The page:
Its strengths far outweigh its many problems.
Or you can just watch my video review -- http://www.youtube.com/watch?v=aBdR-X3dj18
Yes, it is a shameless way to garner hits.
Mirror’s Edge is first and foremost, a platformer. Sure, you can shoot a gun, but for the most part, it’s all about jumping over and across stuff, hoping you don’t miss your mark and die. That pretty much describes what a platformer generally is, but DICE attempts to do it all in the first-person perspective. That is not an ideal viewpoint to do any kind of jumping, but for the most part, DICE pulls it off with a great deal of success. There are potential advantages in using this perspective in this genre and DICE fully realizes and utilizes said potential. There are a myriad of issues that could’ve definitely been given some fine-tuning, but for the most part, Mirror’s Edge is absolutely worth a try.
To give all the platforming and free-running some context, the game’s set in a totalitarian society, where information is controlled and sterility is an idealistic and aesthetic preference. The government is oppressive and the people conform. There isn’t much leeway for going against the grain. So, to circumvent Big Brother’s watchful eye, runners are tasked with transporting sensitive information by vaulting over rooftop over rooftop, sending information when needed. You’re one of them and you take up the role of Faith.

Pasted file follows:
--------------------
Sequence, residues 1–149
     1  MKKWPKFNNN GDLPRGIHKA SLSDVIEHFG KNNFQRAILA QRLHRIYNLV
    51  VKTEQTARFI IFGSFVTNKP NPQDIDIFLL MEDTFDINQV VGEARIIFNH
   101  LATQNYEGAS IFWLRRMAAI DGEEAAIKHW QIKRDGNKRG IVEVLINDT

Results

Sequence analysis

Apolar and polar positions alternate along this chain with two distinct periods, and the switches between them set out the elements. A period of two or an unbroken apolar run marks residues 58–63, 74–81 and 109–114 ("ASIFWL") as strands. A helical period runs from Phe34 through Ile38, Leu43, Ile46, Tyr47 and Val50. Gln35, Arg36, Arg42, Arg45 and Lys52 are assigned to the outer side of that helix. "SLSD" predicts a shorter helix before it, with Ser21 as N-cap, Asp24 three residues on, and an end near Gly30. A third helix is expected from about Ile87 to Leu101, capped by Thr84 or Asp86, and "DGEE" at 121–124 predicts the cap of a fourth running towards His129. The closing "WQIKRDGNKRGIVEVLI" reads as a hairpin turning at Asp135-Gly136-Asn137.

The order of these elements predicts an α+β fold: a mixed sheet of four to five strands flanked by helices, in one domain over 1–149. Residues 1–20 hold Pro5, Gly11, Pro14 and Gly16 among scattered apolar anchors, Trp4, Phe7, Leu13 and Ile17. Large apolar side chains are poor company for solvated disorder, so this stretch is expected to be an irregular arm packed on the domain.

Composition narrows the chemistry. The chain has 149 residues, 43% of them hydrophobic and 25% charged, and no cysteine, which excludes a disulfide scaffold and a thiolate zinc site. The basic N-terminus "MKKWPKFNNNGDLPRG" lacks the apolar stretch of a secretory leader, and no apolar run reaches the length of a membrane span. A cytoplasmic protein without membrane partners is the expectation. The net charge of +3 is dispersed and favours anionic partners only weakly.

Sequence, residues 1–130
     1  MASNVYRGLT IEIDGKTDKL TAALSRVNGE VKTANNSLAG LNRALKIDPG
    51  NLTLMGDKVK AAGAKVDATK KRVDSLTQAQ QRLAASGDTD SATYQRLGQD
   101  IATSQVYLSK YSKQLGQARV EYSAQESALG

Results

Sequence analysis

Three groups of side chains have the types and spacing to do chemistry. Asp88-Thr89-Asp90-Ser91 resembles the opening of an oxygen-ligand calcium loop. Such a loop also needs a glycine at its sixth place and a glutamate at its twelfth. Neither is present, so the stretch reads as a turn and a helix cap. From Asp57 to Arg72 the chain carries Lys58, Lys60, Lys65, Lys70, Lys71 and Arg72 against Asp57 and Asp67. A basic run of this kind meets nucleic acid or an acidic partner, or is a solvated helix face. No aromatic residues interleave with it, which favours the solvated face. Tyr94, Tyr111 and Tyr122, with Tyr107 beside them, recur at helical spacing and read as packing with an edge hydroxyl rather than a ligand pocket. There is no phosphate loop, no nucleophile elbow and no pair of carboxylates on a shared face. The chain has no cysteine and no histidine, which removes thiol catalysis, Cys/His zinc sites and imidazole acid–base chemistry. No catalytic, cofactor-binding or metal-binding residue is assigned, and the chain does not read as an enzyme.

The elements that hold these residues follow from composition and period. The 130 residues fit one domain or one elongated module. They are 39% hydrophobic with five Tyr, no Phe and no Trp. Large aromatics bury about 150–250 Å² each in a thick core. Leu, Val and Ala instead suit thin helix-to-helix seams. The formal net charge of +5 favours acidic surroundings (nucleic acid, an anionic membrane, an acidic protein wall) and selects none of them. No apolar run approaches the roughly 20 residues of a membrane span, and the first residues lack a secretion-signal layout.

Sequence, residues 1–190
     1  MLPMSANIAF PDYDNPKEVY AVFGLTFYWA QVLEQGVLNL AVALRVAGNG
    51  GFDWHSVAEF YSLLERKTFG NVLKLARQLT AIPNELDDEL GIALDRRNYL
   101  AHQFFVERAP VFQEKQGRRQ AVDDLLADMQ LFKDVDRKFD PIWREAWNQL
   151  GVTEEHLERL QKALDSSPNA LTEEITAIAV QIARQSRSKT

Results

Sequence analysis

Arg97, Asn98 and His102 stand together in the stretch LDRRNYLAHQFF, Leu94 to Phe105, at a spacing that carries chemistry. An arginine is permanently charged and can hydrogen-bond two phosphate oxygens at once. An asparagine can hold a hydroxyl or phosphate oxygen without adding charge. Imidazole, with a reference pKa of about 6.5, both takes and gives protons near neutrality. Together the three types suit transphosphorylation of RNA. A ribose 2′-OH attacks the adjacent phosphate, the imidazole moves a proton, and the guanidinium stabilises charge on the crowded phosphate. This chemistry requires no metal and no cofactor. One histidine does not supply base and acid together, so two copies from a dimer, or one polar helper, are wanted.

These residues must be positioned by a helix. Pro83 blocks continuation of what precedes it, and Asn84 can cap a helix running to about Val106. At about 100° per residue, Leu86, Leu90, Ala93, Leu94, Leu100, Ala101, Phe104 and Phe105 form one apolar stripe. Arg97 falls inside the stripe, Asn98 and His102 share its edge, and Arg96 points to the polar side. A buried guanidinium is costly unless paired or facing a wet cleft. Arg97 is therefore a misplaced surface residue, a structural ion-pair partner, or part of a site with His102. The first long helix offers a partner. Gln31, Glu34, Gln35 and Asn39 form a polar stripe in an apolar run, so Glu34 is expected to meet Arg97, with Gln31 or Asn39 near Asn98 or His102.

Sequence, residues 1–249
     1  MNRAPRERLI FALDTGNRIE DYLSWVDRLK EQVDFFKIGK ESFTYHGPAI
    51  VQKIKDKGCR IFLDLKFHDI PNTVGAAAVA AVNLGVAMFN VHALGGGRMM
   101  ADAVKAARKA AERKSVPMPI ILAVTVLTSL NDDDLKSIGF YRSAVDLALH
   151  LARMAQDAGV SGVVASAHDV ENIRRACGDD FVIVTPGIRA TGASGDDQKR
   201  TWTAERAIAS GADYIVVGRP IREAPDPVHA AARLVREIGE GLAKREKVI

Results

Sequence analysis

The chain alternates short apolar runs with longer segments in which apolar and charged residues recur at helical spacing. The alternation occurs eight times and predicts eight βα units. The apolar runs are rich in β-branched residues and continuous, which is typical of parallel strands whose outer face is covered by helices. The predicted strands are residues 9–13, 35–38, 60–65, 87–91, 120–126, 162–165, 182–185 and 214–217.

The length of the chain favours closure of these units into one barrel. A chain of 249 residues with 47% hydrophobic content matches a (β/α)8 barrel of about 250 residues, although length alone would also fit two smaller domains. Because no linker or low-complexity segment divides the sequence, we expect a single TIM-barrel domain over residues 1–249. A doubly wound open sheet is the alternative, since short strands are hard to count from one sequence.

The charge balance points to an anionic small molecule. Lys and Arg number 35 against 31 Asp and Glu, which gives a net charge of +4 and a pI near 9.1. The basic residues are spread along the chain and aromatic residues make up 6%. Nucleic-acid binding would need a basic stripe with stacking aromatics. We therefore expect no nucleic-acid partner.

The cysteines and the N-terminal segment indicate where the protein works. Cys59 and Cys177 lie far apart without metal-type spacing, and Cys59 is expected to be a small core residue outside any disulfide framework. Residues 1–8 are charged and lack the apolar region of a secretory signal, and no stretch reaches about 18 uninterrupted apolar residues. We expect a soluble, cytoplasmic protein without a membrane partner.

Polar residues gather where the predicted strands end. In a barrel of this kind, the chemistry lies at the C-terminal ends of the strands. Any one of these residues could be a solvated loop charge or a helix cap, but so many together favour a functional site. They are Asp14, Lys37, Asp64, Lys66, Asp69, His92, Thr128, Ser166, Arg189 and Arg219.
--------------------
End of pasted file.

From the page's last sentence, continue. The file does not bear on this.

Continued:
There’s a lot of potential with a setting like this, but it’s squandered. The game’s plot is largely concerned with a murder mystery involving Faith’s sister, Kate, as she is framed for a murder she didn’t commit. One uninteresting lead leads to another just as uninteresting, all culminating into an ending that doesn’t tie up any loose ends. A bigger, grander story arc does arise around the half-way point, but it’s just as uninteresting. Plot twists are easy to identify, the characters are flat and even calling them one-dimensional is a stretch. Even worse is how the story is presented; most of the game’s cut-scenes use what seems to be Flash. There are clear limitations when using Flash as a visual medium, like animation and Mirror’s Edge’s cut-scenes suffer from this. If this was a stylistic choice, then I think this was a mistake. On the bright side, the in-game cut-scenes are a lot better. Ultimately, the game’s story acts a vehicle to get you to the next level, but lacks the motivation to make you want learn more about the game’s character and story.